hoisin pork ribs & cucumber pickle

I'm constantly on the hunt for rib recipes. I adapted this one from a recipe I saw in Gourmet Traveller magazine by doubling the amount pickle and changing the cooking method for the ribs. I was planning to try the original recipe where the ribs get marinated briefly and then placed straight onto the grill. As it happens, my husband decided to invite my brother-in-law and his partner for lunch and since I hadn't tried this recipe before I decided to play it safe with the cooking method. From my experience, ribs can often burn before they get cooked especially when the sauce is sweet like this one. I didn't want our guests to be dining on charred meat! I decided to pre-cook the ribs at a low temperature so that all I had to worry about was making the sure the sauce would caramelise nicely on the ribs. I increased the amount of sauce so that I don't end up with dry ribs and the extra sauce tastes great with the rice. 

Hoisin Pork Ribs and Cucumber Pickle by Bent Street Kitchen


pork ribs

1.5 kg pork ribs, cut into individual ribs

handful of coriander leaves 

1 T sesame seeds



1/3 c hoisin sauce

1/3 c oyster sauce

2 T light soy sauce

2 T shaoxing wine

2 T honey

1 T ginger, finely grated

1 garlic cloves, finely chopped

1 t sesame oil

2-3 dashes of ground white pepper

cucumber pickle

2 lebanese cucumber, halved lengthwise, seeds removed, sliced into 3 cm pieces

2 T ginger, finely grated

1 garlic clove, chopped

4 T rice wine vinegar

4 t white sugar

2 t sesame oil


Mix all marinade ingredients in a large enough bowl to fit ribs and place ribs in it for 30 mins.

Combine ginger, garlic, vinegar, sugar and oil together. Add cucumber and toss until lightly pickled. 

Preheat oven grill to 250°C.

Place ribs on foil lined baking tray and place in oven's topmost shelf. Cook for 10 minutes. Turn over, baste with marinade and cook for another 10 minutes. Reduce heat to 225°C, move ribs to lower shelf to prevent burning and cook for 5 minutes. Turn ribs over again and cook for another 5 minutes. Ribs should be a bit charred but not burnt.

Place 4-5 pieces of ribs on top of some steamed rice on a plate. Top with cucumber pickle, coriander leaves and a sprinkling of sesame seeds.

Serves 4. 

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salt & pepper pork

Salt and Pepper Pork by Bent Street Kitchen

Salt & pepper crab, salt & pepper prawns, salt & pepper squid. How can anything dubbed as simply as "salt & pepper" taste so good? Problem though is they're often deep-fried dishes and I rarely deep fry anything at home. Don't get me wrong. I love deep-fried stuff and would frequently order them when I eat out.  Let's face it. It's hard to beat that fat-epidemic-inducing combination of a crispy crunchy batter with a tender juicy bit of meat or vegetable pocketed inside.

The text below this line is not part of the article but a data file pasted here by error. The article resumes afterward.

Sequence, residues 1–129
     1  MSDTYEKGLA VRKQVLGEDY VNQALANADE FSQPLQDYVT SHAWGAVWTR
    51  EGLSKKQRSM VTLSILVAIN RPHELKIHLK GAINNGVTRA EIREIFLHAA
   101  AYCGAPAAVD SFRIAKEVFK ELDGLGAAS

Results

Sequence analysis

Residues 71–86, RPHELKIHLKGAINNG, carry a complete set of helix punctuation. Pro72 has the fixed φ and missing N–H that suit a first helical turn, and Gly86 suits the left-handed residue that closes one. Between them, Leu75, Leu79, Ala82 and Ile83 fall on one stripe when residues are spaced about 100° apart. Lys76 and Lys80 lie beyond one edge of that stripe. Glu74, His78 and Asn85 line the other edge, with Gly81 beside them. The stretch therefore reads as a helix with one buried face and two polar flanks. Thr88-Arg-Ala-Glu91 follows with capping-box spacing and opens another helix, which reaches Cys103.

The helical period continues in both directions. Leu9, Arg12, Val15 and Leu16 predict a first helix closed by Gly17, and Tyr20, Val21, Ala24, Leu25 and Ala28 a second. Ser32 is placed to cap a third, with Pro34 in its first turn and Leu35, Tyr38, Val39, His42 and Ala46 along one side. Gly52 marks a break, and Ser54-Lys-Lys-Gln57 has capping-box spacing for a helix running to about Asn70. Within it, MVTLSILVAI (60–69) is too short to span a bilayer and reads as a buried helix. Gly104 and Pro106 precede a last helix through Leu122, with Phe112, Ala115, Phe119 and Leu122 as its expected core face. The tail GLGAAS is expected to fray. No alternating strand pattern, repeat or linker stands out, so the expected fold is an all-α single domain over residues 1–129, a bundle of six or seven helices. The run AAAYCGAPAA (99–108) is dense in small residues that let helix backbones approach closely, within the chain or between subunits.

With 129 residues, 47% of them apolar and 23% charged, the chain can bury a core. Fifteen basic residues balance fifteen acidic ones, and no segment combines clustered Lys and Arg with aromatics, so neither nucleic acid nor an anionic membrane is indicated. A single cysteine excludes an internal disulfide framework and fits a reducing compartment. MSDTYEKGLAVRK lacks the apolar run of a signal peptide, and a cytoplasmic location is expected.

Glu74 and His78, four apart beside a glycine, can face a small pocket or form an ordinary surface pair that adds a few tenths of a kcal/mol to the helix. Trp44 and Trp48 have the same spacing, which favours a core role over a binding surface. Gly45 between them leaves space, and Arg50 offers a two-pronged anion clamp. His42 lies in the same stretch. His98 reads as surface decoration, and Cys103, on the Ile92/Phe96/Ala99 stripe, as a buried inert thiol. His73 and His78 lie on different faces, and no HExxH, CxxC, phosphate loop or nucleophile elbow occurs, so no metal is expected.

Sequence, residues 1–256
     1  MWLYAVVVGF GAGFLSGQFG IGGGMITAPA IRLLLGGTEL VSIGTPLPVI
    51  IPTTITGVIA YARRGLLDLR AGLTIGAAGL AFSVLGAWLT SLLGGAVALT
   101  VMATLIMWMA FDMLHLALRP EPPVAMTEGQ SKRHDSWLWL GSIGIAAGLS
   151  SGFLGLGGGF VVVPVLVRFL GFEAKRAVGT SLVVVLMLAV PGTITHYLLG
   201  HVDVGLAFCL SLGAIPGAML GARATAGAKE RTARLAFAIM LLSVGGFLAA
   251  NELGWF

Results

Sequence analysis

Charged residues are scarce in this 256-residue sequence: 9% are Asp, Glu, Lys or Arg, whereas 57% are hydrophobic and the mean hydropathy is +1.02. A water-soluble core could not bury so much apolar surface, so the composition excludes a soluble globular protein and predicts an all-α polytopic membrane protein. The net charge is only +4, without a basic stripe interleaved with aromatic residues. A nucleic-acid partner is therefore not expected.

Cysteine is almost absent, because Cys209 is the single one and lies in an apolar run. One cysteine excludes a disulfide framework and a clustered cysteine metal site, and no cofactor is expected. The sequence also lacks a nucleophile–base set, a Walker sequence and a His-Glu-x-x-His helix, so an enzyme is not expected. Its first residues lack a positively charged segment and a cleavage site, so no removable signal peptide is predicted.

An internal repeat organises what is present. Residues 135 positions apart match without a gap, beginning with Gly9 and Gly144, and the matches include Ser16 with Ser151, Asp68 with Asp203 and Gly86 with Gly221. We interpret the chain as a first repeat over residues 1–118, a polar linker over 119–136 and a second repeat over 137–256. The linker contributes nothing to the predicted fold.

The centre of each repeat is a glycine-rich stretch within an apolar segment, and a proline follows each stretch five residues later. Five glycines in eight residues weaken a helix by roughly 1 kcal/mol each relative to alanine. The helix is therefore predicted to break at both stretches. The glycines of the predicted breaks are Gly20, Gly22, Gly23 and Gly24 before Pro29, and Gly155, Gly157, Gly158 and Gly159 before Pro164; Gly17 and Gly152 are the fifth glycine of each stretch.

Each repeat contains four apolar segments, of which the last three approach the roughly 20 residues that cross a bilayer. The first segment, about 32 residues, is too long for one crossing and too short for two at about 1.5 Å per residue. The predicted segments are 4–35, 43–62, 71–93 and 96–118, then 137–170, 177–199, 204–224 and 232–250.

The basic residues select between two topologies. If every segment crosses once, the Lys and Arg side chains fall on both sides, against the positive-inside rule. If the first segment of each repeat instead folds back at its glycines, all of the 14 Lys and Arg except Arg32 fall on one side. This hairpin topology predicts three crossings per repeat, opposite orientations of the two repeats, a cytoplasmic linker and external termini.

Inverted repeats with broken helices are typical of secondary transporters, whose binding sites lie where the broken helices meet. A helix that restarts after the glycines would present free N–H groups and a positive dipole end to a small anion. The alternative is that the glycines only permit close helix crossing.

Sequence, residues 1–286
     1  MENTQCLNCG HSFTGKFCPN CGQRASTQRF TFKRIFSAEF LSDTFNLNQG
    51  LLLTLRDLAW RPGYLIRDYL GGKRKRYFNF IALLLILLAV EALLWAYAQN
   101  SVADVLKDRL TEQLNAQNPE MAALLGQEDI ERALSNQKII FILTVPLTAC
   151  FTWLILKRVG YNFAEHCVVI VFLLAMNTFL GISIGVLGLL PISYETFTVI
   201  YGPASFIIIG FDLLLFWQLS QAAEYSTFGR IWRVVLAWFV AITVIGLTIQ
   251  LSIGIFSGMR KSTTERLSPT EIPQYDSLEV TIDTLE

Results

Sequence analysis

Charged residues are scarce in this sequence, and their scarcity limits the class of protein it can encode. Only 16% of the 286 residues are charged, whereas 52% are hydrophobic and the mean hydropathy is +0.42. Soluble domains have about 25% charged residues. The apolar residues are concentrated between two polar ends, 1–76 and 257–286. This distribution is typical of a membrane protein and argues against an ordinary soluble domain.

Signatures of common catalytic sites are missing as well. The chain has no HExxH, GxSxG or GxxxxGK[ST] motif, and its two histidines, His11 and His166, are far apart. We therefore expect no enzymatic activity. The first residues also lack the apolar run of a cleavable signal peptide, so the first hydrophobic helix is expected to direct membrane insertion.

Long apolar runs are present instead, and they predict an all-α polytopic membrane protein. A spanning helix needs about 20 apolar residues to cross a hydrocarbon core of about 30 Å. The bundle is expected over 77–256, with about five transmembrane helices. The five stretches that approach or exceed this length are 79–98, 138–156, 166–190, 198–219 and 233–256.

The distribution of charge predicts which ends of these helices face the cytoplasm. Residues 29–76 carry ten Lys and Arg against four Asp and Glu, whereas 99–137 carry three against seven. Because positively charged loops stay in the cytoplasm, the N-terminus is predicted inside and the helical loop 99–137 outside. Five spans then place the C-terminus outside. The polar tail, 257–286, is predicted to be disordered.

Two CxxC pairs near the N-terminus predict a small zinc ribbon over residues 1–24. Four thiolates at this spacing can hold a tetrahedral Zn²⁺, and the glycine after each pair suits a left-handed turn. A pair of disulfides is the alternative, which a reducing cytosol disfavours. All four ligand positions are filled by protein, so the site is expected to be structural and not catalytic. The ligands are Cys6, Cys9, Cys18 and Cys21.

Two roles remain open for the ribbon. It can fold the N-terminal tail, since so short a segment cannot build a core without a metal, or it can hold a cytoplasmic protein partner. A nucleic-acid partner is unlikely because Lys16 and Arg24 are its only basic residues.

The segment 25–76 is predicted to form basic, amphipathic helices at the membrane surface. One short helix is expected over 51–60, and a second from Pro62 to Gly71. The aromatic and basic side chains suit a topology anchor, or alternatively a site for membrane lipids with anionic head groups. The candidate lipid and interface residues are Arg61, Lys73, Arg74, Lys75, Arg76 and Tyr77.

I came home with a deep fryer years ago and still recall the look of fear my husband

gave me. He was scared I was going to slowly kill us with fat. Hot, sizzling, fat. I thought he was being overly dramatic. I wasn't going to use it all the time, I told him.  As it turns out, when I saw how much oil I had to use to get that crispy crunch for my calamari, I balked. I haven't used that deep fryer since. I still see it, sitting at the bottom shelf of my parents' cleaning cupboard, taunting me for my purchase mistake.

 I searched for a salt & pepper dish that didn't require deep frying and came across Adam Liaw's recipe for salt & pepper pork belly in his book "Asian After Work". This is his recipe with some very minor adjustments to suit my taste. I increased the garlic and shallots because they taste fantastic with rice and there never seems to be enough of them go around whenever I order this dish. This is a simple recipe you can easily whip for a week night meal. In fact, that's what the recipes in Adam Liaw's book are all about.


500 g pork belly, skin removed

1 t sesame oil

4 garlic cloves, roughly chopped

1 bird's eye chilli, sliced

4 shallots (spring onions), white and light green sections only, trimmed and sliced

2 t sea salt flakes

1/4 t freshly ground black pepper

handful coriander leaves


Slice the pork into 3 cm squares, about 1 cm thick.

Heat wok until very hot and add sesame oil. Fry the pork in 3 batches until well browned on all sides and cooked through.

Remove any excess fat from wok and add garlic, chilli and shallots. Fry over very high heat until mixture is fragrant and garlic starts to brown. Return pork to the wok, add 1 t salt and the black pepper. Do a taste check and add more salt if needed. Toss to coat well. Transfer to warm plate and garnish with coriander.

Serves 4.

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